Therapeutic hypothermia for severe traumatic brain injury: A critically appraised topic

Christopher Kramer, William D. Freeman, Joel S. Larson, Charlene Hoffman-Snyder, Kay E. Wellik, Bart M Demaerschalk, Dean Marko Wingerchuk

Research output: Contribution to journalArticle

16 Citations (Scopus)

Abstract

BACKGROUND: Traumatic brain injury (TBI) is common and confers a high rate of disability and mortality. Current treatments are primarily supportive. Therapeutic hypothermia has been proposed for severe TBI because of its ability to reduce intracranial pressure and putative neuroprotective effects. OBJECTIVE: To critically appraise the current evidence concerning the efficacy of therapeutic hypothermia in the treatment of severe TBI. METHODS: The objective was addressed through the development of a structured, critically appraised topic. This incorporated a clinical scenario, background information, a structured question, literature search strategy, critical appraisal, results, evidence summary, commentary, and bottom line conclusions. Participants included consultant and resident neurologists, a medical librarian, clinical epidemiologists, and critical care and neurocritical care content experts. RESULTS: A recent multicenter randomized controlled trial was selected for critical assessment; meta-analyses were also reviewed. Subjects with severe TBI were randomized to either rapid cooling to 33°C for 48 hours (treatment, n=52) or normothermia (control, n=45). Outcome assessments included mortality and disability at 6 months as measured by the Glasgow Outcome Scale. Initiation of hypothermia began within 2.5 hours of injury and patients were rewarmed over a mean of 17.2 hours. The study was terminated for futility; no difference in outcome or mortality was detected between treatment groups. Post hoc subgroup analysis showed that among subjects who required hematoma evacuation, hypothermia was associated with a lower rate of poor clinical outcome (number needed to treat=2.8; 95% confidence interval, 1.4-78.3, P=0.02) and a trend toward a decrease in mortality (P=0.16). CONCLUSIONS: Current cumulative evidence does not support general use of therapeutic hypothermia for acute severe TBI. However, further investigation of the role of therapeutic hypothermia may be warranted for specific TBI subgroups.

Original languageEnglish (US)
Pages (from-to)173-177
Number of pages5
JournalNeurologist
Volume18
Issue number3
DOIs
StatePublished - May 2012

Fingerprint

Induced Hypothermia
Mortality
Hypothermia
Medical Futility
Librarians
Glasgow Outcome Scale
Numbers Needed To Treat
Intracranial Pressure
Neuroprotective Agents
Therapeutics
Critical Care
Consultants
Hematoma
Meta-Analysis
Traumatic Brain Injury
Randomized Controlled Trials
Outcome Assessment (Health Care)
Confidence Intervals
Wounds and Injuries

Keywords

  • brain injury
  • critically appraised topic
  • head injury
  • induced hypothermia
  • therapeutic hypothermia
  • traumatic brain injury

ASJC Scopus subject areas

  • Clinical Neurology

Cite this

Therapeutic hypothermia for severe traumatic brain injury : A critically appraised topic. / Kramer, Christopher; Freeman, William D.; Larson, Joel S.; Hoffman-Snyder, Charlene; Wellik, Kay E.; Demaerschalk, Bart M; Wingerchuk, Dean Marko.

In: Neurologist, Vol. 18, No. 3, 05.2012, p. 173-177.

Research output: Contribution to journalArticle

Kramer, Christopher ; Freeman, William D. ; Larson, Joel S. ; Hoffman-Snyder, Charlene ; Wellik, Kay E. ; Demaerschalk, Bart M ; Wingerchuk, Dean Marko. / Therapeutic hypothermia for severe traumatic brain injury : A critically appraised topic. In: Neurologist. 2012 ; Vol. 18, No. 3. pp. 173-177.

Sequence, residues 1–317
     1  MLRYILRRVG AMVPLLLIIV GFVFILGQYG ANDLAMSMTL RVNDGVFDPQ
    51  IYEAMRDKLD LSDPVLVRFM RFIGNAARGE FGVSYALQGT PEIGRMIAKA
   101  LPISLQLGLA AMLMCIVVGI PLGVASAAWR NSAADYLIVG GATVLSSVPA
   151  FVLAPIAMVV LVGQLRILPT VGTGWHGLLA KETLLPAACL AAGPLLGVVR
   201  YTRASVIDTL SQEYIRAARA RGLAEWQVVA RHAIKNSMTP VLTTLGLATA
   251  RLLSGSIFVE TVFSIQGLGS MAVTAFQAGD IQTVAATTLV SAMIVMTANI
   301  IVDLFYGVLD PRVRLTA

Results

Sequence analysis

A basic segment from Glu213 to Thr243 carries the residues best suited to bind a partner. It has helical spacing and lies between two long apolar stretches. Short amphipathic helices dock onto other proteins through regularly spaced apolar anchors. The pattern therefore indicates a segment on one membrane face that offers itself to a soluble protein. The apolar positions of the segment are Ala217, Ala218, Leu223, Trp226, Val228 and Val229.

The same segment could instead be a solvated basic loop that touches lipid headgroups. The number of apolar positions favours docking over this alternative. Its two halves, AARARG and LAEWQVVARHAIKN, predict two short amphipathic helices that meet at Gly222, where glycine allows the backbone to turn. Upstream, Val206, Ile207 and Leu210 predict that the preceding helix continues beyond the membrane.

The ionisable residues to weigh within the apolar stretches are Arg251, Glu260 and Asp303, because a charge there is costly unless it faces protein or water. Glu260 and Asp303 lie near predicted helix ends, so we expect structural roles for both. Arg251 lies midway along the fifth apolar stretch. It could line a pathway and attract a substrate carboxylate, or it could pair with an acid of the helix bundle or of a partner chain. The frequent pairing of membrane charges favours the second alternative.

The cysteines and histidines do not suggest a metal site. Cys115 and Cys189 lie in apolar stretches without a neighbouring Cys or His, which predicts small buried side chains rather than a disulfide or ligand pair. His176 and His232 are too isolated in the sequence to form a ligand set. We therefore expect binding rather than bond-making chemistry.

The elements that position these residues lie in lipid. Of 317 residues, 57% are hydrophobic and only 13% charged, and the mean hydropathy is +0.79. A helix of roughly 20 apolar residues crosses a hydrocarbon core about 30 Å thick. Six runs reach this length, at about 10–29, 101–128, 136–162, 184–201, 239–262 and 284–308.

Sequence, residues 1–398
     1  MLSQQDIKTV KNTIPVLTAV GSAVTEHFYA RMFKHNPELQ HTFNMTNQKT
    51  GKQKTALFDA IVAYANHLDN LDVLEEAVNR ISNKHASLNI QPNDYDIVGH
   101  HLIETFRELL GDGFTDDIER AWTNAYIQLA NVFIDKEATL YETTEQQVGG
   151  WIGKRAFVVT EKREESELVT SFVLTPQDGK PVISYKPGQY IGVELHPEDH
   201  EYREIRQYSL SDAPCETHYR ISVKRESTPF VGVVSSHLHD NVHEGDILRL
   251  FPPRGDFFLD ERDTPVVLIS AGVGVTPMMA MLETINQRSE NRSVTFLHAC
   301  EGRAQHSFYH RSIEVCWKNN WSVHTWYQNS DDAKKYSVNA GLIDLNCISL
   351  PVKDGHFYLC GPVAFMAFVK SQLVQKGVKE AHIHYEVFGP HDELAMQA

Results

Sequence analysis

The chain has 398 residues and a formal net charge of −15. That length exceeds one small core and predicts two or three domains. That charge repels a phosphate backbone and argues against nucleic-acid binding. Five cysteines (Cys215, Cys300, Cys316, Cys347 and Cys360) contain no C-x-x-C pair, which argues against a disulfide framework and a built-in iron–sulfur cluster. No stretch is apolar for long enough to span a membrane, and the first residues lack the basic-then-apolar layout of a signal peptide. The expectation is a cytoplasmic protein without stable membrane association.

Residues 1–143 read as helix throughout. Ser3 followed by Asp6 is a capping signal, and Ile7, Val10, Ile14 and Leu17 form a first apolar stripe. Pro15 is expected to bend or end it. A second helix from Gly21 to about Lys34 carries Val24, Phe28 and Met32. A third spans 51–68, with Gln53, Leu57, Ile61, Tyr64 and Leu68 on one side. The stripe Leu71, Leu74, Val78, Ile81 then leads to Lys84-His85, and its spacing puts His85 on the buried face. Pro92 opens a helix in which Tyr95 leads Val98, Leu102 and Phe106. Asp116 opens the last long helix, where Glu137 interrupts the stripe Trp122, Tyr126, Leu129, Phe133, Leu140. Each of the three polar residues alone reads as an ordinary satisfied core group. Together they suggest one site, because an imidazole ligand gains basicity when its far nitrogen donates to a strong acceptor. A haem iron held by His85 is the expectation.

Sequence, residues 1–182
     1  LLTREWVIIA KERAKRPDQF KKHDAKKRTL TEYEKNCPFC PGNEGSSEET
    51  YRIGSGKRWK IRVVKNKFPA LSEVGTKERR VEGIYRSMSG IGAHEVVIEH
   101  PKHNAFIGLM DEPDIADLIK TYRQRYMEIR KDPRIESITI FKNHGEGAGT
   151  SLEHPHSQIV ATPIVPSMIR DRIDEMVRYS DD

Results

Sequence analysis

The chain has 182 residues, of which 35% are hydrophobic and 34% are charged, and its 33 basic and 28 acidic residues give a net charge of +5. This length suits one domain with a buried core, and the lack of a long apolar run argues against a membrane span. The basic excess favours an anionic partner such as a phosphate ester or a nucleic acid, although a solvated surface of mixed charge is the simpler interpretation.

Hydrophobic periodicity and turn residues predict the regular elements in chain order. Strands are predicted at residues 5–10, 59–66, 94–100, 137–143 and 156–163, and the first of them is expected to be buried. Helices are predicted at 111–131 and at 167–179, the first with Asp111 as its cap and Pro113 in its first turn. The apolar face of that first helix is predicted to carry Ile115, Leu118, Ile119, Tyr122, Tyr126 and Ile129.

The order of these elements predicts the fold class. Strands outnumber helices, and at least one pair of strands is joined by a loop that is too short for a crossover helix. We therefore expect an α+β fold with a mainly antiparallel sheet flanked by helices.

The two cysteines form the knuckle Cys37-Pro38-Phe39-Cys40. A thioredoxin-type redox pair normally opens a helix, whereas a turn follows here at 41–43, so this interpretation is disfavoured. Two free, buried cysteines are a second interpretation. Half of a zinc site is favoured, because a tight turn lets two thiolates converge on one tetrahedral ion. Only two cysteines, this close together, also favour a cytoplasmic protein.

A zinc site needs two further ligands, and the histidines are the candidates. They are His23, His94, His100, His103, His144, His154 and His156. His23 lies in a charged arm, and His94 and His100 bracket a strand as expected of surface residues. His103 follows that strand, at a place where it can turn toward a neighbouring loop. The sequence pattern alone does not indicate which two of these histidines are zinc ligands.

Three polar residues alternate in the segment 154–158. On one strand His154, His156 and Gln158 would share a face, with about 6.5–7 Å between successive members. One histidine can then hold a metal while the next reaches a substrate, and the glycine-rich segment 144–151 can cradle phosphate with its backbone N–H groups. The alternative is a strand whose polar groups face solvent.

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N2 - BACKGROUND: Traumatic brain injury (TBI) is common and confers a high rate of disability and mortality. Current treatments are primarily supportive. Therapeutic hypothermia has been proposed for severe TBI because of its ability to reduce intracranial pressure and putative neuroprotective effects. OBJECTIVE: To critically appraise the current evidence concerning the efficacy of therapeutic hypothermia in the treatment of severe TBI. METHODS: The objective was addressed through the development of a structured, critically appraised topic. This incorporated a clinical scenario, background information, a structured question, literature search strategy, critical appraisal, results, evidence summary, commentary, and bottom line conclusions. Participants included consultant and resident neurologists, a medical librarian, clinical epidemiologists, and critical care and neurocritical care content experts. RESULTS: A recent multicenter randomized controlled trial was selected for critical assessment; meta-analyses were also reviewed. Subjects with severe TBI were randomized to either rapid cooling to 33°C for 48 hours (treatment, n=52) or normothermia (control, n=45). Outcome assessments included mortality and disability at 6 months as measured by the Glasgow Outcome Scale. Initiation of hypothermia began within 2.5 hours of injury and patients were rewarmed over a mean of 17.2 hours. The study was terminated for futility; no difference in outcome or mortality was detected between treatment groups. Post hoc subgroup analysis showed that among subjects who required hematoma evacuation, hypothermia was associated with a lower rate of poor clinical outcome (number needed to treat=2.8; 95% confidence interval, 1.4-78.3, P=0.02) and a trend toward a decrease in mortality (P=0.16). CONCLUSIONS: Current cumulative evidence does not support general use of therapeutic hypothermia for acute severe TBI. However, further investigation of the role of therapeutic hypothermia may be warranted for specific TBI subgroups.

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